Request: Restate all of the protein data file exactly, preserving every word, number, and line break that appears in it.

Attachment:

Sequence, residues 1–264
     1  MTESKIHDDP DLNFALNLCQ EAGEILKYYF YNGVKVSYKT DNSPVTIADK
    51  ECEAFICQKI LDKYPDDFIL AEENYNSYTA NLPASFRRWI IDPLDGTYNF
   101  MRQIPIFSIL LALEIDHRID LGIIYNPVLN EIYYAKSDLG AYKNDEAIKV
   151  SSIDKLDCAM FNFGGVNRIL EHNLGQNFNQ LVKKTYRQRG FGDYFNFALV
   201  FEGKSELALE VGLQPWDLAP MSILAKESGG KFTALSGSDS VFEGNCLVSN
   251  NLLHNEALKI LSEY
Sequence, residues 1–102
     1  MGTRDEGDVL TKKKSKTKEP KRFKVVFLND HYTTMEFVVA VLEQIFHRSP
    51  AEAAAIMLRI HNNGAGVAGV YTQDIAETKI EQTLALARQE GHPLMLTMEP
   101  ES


Sequence, residues 1–264
     1  MTESKIHDDP DLNFALNLCQ EAGEILKYYF YNGVKVSYKT DNSPVTIADK
    51  ECEAFICQKI LDKYPDDFIL AEENYNSYTA NLPASFRRWI IDPLDGTYNF
   101  MRQIPIFSIL LALEIDHRID LGIIYNPVLN EIYYAKSDLG AYKNDEAIKV
   151  SSIDKLDCAM FNFGGVNRIL EHNLGQNFNQ LVKKTYRQRG FGDYFNFALV
   201  FEGKSELALE VGLQPWDLAP MSILAKESGG KFTALSGSDS VFEGNCLVSN
   251  NLLHNEALKI LSEY
Sequence, residues 1–102
     1  MGTRDEGDVL TKKKSKTKEP KRFKVVFLND HYTTMEFVVA VLEQIFHRSP
    51  AEAAAIMLRI HNNGAGVAGV YTQDIAETKI EQTLALARQE GHPLMLTMEP
   101  ES